5.Tibetan in schools
Tibetans have been protesting over the potential loss of their language in schools.
It started after the Chinese Communist Party’s Qinghai province chief, Qiang Wei reportedly called for “a common language” in schools. He went on to propose that Qinghai use Mandarin as the language of instruction in all schools. Now, it already is the language of instruction in most schools in Qinghai, as in the rest of China. But the province is also home to a significant number of Tibetans, who typically learn at elementary level in their own language. Those who stay on in higher grades switch to Mandarin.
Estimates put the number of protesters between several hundred and several thousand. They spread beyond Tibetan speakers, with Uigher-speaking students also taking to the streets in sympathy. They know they could be next.
4. Spain re-orders its family names
The Spanish government has drafted a law that would change birth registration rules. That could result in a dramatic transformation of naming customs. Spaniards have two family names. Right now, either of those names can come first, though it’s customary for the father’s name to assume priority. Under the proposed law, the two names would simply be listed alphabetically, unless otherwise instructed by the parents. This may well result in gender neutrality, but it would certainly discriminate against letters at the end of the alphabet. Zapatero? Forgetaboutit! Just think: had the law been around in 1892, Spanish dictator Francisco Franco might have been known as Generalísimo Bahamonde. Would he have won the Spanish Civil War with a name like that?
3. Events that shaped English
A non-profit group in Britain called The English Project is putting together a list of historical events and places that have shaped the development of the English language. It’s a thoroughly UK-centric list. Which is fair enough, until that time in history when Britain began exporting the English language. Here’s the list. Post your ideas for a more expansive global list on English either there or on this site.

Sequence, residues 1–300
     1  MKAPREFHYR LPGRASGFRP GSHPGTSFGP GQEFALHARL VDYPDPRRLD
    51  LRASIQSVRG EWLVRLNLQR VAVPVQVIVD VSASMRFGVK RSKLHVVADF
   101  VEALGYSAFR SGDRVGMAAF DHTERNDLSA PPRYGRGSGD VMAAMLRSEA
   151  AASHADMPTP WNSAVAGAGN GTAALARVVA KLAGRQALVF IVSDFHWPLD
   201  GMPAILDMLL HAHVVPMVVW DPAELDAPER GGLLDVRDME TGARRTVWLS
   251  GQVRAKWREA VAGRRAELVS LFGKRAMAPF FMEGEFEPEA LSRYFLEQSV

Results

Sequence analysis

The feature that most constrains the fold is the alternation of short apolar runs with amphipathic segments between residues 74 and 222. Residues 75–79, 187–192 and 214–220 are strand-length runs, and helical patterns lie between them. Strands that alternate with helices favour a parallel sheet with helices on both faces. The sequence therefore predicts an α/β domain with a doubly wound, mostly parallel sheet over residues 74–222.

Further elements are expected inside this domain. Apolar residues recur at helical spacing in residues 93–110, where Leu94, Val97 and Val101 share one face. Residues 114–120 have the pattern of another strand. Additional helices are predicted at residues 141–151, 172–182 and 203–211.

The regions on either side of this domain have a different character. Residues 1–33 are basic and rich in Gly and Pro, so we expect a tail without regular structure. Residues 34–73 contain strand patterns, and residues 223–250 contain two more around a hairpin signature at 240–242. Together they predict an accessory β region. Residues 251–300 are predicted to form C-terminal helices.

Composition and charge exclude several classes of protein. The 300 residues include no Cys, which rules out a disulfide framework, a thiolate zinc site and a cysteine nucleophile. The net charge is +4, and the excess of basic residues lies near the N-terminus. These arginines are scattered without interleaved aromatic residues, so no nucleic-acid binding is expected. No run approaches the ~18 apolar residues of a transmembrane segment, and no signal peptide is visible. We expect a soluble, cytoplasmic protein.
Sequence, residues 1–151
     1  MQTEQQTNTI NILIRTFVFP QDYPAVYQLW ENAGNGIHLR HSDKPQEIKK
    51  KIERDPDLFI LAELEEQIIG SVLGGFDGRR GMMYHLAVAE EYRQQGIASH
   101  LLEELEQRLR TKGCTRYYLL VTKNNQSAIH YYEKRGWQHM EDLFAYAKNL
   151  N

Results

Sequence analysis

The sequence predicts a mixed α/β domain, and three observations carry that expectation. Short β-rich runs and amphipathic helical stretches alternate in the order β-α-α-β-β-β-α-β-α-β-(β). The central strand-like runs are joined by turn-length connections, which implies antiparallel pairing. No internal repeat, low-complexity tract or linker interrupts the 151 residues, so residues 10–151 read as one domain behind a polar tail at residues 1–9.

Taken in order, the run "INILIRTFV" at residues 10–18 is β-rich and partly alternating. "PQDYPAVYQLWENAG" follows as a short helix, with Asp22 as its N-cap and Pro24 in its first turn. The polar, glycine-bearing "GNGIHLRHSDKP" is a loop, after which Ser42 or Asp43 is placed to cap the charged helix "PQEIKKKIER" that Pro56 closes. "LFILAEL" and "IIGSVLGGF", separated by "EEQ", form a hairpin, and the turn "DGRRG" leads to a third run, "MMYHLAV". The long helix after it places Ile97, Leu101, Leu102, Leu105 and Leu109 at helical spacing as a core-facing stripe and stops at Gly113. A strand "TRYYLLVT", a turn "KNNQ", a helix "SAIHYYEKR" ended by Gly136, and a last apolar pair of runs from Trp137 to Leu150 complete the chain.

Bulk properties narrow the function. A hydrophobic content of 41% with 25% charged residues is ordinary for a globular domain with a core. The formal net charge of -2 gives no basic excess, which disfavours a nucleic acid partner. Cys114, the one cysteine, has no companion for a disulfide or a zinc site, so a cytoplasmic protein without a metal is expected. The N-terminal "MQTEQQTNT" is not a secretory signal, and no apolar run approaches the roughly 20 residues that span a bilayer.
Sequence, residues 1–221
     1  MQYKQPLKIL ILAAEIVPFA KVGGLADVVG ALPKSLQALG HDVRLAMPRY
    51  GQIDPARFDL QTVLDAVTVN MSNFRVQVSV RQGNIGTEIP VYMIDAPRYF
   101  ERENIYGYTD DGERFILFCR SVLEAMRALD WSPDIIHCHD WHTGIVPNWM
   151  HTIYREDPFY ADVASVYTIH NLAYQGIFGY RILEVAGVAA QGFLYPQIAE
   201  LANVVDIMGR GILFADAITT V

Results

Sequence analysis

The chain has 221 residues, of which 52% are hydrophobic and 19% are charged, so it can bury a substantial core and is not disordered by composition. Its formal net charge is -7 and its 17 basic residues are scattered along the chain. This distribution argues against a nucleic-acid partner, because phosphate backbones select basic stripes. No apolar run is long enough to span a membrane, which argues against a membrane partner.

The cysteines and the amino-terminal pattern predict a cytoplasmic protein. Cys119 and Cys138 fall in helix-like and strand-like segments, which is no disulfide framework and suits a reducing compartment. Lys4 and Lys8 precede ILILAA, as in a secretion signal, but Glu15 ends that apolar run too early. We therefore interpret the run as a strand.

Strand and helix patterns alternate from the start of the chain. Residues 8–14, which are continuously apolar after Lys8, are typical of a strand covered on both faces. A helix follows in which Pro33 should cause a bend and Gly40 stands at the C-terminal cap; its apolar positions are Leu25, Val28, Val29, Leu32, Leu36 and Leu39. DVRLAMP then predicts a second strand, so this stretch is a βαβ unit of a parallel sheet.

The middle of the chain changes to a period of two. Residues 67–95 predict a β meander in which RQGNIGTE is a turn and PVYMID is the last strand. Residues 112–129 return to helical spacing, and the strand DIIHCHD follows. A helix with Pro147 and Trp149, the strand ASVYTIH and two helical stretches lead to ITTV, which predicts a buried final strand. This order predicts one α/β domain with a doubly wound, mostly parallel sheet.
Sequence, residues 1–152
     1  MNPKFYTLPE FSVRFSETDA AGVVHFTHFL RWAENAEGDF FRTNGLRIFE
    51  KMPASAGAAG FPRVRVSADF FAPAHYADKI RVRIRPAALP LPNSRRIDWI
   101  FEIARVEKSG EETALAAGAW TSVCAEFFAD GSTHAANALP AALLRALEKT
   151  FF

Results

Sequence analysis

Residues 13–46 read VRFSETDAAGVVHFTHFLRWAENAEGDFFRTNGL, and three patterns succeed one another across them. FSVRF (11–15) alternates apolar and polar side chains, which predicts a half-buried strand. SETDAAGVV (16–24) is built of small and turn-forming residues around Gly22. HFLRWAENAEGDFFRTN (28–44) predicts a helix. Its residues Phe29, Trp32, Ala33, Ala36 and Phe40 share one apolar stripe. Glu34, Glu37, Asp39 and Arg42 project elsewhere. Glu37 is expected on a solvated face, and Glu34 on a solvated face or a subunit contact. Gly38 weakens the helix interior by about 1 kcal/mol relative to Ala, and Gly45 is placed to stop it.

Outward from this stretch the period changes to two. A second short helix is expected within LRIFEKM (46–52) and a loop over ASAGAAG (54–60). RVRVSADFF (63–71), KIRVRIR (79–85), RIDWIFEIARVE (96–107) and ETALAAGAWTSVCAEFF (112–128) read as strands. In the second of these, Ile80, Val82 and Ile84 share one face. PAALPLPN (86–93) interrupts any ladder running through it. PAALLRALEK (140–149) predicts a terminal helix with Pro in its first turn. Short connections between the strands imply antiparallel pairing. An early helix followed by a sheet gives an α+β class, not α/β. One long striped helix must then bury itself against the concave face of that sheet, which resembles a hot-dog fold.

2.When can you say you speak a language? There’s no widely-accepted standard for speaking a second language, nor should there be: people use languages in so many different ways that there can never be a single answer to this question. But it’s instructive to try to come up with your own definition.
For the writer of this Economist blog, it’s a test of linguistic skills in journalism: “If my editor sent me to a country where I needed to report on a topic of general interest for The Economist, could I pull off interviews and research? If yes, I speak it.”
The comments after the blog post are all over the map, as they should be: “When you find yourself dreaming in a language, you can safely say that you can speak it.” (I disagree: I dream more fluently than I speak). I prefer this one: “When you have mastered all, I emphasize all, the nuances contained in a given cuss word, and know when and when not, to deploy the word, so that you obtain the precise effect you want, not more, not less. This you do a native speaker of the language.”
1. We speak, therefore we think. New research out of Australia on how the languages we speak may determine how we think. Pormpuraawans — aboriginals living in a remote part of Australia — relate spatially to things according to the position of the sun. So while they think east and west, we English speakers often think left and right, Arabic and Hebrew speaker right and left, and Chinese speakers up and down. This plays in nicely to the recently renewed debate over language and thought: does language arise out of thought, or does it give shape to thought? Are we all prisoners of our native tongues?